• Safer Internet Centre
  • Educateagainsthate provides practical advice and support on protecting children from extremism and radicalisation
  • Internet Matters provide age-specific online safety checklists, guides on how to set parental controls, and practical tips to help children get the most out of their digital world
  • Talking to your child about online sexual harassment: A guide for parents – This is the Children’s Commissioner’s parental guide on talking to their children about online sexual harassment.
  • Anti-Bullying Alliance – Detailed information for anyone being bullied, along with advice for parents and schools. Signposts to various helplines and websites for further support.
  • Local children social care: If you think a child or young person is at risk or being abused or neglected, contact the children’s social care team at their local council. If you do not know where they live, contact your local council’s team, the NSPCC or the Police for advice.
  • Find a food bank
Please don’t hesitate to get in touch if we can be of any assistance with your Safeguarding needs.  
Call 01274 752299 or email
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Rachel Priestley

Rach has a background in Business Development and Administration, gaining much of her knowledge and experience through her 19 year career with the NHS working within the executive office, community services and public health. 

Before moving on from the NHS, Rach supported the Chief Executive, the Chairman and the Trust Board of a local NHS Care Trust, which managed Children’s Services. Her responsibilities spanned across HR, Finance, Governance, Compliance, Risk, systems and processes, and internal training. Rach also supported the Children’s Safeguarding Lead with safeguarding investigations.

In 2017, she left the NHS to pursue a successful self-employed career supporting business to grow, with flexible business development and administration support, which she continues to do on a part-time basis.

Rach is in house trained, and is passionate about delivering outstanding services and enjoys working as part of the safeguarding team to achieve a common goal.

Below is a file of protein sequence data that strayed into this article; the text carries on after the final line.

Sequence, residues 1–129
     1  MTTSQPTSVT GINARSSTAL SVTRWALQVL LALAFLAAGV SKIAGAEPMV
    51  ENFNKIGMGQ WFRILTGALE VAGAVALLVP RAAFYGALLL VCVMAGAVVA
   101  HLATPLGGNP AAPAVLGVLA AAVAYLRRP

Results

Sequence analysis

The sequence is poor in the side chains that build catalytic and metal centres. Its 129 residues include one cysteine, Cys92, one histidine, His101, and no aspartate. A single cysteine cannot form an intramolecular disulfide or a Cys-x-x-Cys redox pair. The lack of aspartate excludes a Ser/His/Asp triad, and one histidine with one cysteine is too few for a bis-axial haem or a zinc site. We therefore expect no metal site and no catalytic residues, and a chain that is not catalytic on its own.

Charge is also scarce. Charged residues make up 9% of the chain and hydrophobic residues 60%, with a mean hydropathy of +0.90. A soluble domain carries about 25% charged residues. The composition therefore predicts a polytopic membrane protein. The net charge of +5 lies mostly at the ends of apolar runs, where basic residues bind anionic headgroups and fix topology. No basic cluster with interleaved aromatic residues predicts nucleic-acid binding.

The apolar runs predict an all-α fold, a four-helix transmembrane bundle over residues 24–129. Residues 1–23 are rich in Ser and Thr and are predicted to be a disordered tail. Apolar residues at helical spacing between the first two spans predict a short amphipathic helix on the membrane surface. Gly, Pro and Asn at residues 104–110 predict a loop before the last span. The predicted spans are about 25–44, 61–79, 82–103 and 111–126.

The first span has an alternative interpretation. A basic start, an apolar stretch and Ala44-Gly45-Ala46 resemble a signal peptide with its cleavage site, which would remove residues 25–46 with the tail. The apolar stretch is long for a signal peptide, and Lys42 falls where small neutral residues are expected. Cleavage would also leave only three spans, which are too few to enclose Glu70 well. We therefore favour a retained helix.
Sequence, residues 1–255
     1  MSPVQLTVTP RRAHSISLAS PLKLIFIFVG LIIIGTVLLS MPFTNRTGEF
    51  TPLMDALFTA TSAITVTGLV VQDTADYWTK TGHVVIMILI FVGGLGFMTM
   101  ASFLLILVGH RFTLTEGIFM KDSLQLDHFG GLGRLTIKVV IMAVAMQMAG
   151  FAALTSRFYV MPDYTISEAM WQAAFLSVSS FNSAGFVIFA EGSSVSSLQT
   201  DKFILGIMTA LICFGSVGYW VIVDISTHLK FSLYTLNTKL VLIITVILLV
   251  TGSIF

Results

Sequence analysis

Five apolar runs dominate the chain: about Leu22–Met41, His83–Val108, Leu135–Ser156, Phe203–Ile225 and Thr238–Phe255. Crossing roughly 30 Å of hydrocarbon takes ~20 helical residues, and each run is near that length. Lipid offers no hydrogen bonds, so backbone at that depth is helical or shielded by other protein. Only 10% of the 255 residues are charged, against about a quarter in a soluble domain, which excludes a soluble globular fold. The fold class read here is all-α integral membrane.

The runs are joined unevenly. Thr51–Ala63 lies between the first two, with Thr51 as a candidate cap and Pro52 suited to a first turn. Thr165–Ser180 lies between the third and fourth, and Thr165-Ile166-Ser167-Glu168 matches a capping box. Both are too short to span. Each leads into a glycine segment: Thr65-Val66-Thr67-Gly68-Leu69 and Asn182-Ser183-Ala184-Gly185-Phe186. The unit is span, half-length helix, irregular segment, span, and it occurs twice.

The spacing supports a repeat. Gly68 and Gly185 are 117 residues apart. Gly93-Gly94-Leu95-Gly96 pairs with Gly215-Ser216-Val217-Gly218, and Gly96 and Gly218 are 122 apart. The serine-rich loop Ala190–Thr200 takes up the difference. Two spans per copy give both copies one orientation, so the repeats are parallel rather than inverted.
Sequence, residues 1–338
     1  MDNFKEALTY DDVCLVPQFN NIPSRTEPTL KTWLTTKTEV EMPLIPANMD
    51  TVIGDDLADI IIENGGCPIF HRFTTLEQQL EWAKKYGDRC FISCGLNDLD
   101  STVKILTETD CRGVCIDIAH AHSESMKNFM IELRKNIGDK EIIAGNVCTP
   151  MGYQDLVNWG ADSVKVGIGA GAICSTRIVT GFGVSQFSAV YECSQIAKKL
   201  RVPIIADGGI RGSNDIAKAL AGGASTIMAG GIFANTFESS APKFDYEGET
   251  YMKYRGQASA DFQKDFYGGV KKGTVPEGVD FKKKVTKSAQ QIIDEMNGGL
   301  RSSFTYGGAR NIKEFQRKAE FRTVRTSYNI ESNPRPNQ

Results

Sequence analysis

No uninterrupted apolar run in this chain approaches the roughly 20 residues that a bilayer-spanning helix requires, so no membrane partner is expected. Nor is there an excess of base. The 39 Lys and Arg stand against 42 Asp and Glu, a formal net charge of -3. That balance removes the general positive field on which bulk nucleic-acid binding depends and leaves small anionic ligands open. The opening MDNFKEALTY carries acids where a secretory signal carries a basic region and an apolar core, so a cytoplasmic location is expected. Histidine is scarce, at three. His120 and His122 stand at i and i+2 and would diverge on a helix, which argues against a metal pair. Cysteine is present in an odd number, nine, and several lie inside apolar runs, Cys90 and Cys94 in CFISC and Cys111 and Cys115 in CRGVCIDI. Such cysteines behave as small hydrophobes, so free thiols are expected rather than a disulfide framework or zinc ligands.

In her own time, she loves spending time outside, and long walks with the two family dogs. 

Shelley Armstrong

Shelley joined Safeguarding Support in 2020 as an experienced AET-qualified freelance trainer, and now enjoys working across the business, keeping clients as up to date as possible with the ever changing challenges facing safeguarding children in education.

Whilst we aim to simplify safeguarding, Shelley’s passion is to ensure engagement, pride and confidence through training and support. Shelley enjoys applying the competencies gained in different industries and environments to researching, designing, and developing materials for those with the responsibility to safeguard children, and in return has enormous respect for their commitment.

Her experience across the private business sector brings commercial skills to training and her background in psychology and counselling ensure courses are designed and delivered with the learner in mind.

Shelley lives in Yorkshire and enjoys walking her springer spaniels – come rain or shine!

Abigail Havon

Abigail is an experienced AET qualified trainer who began her safeguarding career in the charity sector.  There she was a regional manager and part of the safeguarding leadership team.  She was involved in writing policies and procedures, developing, and delivering training and supporting staff and volunteers to work 121 with children struggling with their literacy. 

She has worked in a variety of business environments gaining experience in different sectors. She has always chosen roles that call for collaboration and communication to bring the best out in people and projects to completion.  Abigail passionately believes that empowering educators to work together as part of a safeguarding team will lead to better outcomes for children and young people. 

As part of the SSL training team her role focuses mainly on delivering virtual training. 

Abigail lives near the Jurassic Coast and enjoys long walks and caring for her jungle of houseplants.  

Carol Stephenson

Carol has spent her entire career teaching in Bradford primary schools. Most recently she was Head Teacher of a large, outstanding, multi-academy trust, inner-city
school where she gained Local Leaders of Education (LLE) status.

Carol is a highly experienced Designated Safeguarding Lead and safeguarding Governor, with an extensive range of expertise, skills and knowledge. It was through this depth of experience that she became a dedicated representative of Bradford Children’s Safeguarding Board. In June 2019, Carol was awarded a Bradford Safeguarding Champions lifetime achievement award 2019 for her continued work in safeguarding the children of Bradford.

Carol is in-house trained and is NSPCC certified to deliver Child Protection and Safeguarding training.

In her spare time, Carol enjoys working on her allotment.